So 2019 died and 2020 was born.

While it is definitively a different sort of year, I have heard many speak with gloom about this year, about the complete and utter awfulness of it all. Some have been more dramatically impacted than others, for sure. Yet, overall, the disdain for the year seems overkill.

Yes, I know about the pandemic. Yes, I remember the election. Yes, yes, all of the difficulties we endured were real.

And yet there is much to find hope in and rejoice over.

At a retreat this last weekend, I was surrounded by people who were praising the goodness of God. And I thought, Some people would think we are crazy saying that God is good right now. But it is true: He is objectively good. If we cannot praise Him unless we are surrounded by perfection, we will never praise Him. If our idea that God is good is based on our current circumstances, then we don’t know Him at all. It is a thin and superficial faith we have if it ebbs and flows in direct proportion to how fortunate we feel.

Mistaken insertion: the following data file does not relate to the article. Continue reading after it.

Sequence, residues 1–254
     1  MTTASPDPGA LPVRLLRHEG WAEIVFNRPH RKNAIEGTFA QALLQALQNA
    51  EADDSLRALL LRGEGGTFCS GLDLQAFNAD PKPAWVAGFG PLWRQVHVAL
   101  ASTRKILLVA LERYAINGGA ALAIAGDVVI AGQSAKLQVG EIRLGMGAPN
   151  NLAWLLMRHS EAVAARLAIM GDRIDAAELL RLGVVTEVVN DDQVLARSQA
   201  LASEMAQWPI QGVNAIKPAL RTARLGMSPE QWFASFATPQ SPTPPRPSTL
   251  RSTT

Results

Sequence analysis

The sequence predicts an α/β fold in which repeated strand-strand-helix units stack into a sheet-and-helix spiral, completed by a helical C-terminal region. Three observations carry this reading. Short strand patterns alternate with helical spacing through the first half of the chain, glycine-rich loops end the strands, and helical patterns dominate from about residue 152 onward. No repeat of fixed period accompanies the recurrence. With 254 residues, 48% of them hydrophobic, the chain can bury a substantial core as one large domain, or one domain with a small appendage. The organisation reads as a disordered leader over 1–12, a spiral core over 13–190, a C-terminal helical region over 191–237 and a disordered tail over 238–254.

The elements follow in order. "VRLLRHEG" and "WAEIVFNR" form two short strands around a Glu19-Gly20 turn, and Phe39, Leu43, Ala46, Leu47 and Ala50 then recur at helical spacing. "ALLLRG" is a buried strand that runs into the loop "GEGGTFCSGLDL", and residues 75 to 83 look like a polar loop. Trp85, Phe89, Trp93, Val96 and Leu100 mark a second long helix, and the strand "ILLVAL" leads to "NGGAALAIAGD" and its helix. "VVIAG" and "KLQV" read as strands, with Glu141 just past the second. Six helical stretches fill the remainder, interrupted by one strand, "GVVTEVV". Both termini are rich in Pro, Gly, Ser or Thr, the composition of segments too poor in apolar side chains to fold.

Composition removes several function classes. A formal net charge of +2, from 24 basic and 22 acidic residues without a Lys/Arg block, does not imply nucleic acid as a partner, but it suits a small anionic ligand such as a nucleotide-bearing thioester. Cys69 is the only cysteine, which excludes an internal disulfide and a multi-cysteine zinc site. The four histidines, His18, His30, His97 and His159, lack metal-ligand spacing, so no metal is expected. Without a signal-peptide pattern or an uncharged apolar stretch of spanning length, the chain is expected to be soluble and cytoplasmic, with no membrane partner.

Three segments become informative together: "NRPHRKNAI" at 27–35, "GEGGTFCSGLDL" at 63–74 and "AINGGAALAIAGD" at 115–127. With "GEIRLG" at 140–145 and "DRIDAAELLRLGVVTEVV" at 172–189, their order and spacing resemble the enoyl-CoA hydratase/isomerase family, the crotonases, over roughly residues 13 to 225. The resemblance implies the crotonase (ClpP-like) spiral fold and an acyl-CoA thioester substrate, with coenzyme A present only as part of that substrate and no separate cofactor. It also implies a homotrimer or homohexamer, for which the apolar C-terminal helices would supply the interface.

If our God, whom we serve, can save us from the white-hot furnace and from your hands, O king, may he save us! But even if he will not, know, O king, that we will not serve your god or worship the golden statue which you set up.

Daniel 3: 17-18
Continue reading “Always Good”

Relentless Pursuit: How Prison Ministry Causes Me to Stand in Awe Before the Mercy of God

Relentless Pursuit: How Prison Ministry Causes Me to Stand in Awe Before the Mercy of God

I don’t believe I ever had as much gratitude for the generous mercy of God as when I started volunteering at the prison.